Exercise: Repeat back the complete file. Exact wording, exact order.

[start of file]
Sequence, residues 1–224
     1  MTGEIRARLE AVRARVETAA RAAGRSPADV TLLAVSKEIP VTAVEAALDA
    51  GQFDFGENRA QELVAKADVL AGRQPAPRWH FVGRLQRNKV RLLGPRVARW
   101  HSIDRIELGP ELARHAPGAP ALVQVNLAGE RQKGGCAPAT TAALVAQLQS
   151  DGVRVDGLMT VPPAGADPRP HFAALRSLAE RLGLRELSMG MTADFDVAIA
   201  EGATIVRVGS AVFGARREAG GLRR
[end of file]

Sequence, residues 1–224
     1  MTGEIRARLE AVRARVETAA RAAGRSPADV TLLAVSKEIP VTAVEAALDA
    51  GQFDFGENRA QELVAKADVL AGRQPAPRWH FVGRLQRNKV RLLGPRVARW
   101  HSIDRIELGP ELARHAPGAP ALVQVNLAGE RQKGGCAPAT TAALVAQLQS
   151  DGVRVDGLMT VPPAGADPRP HFAALRSLAE RLGLRELSMG MTADFDVAIA
   201  EGATIVRVGS AVFGARREAG GLRR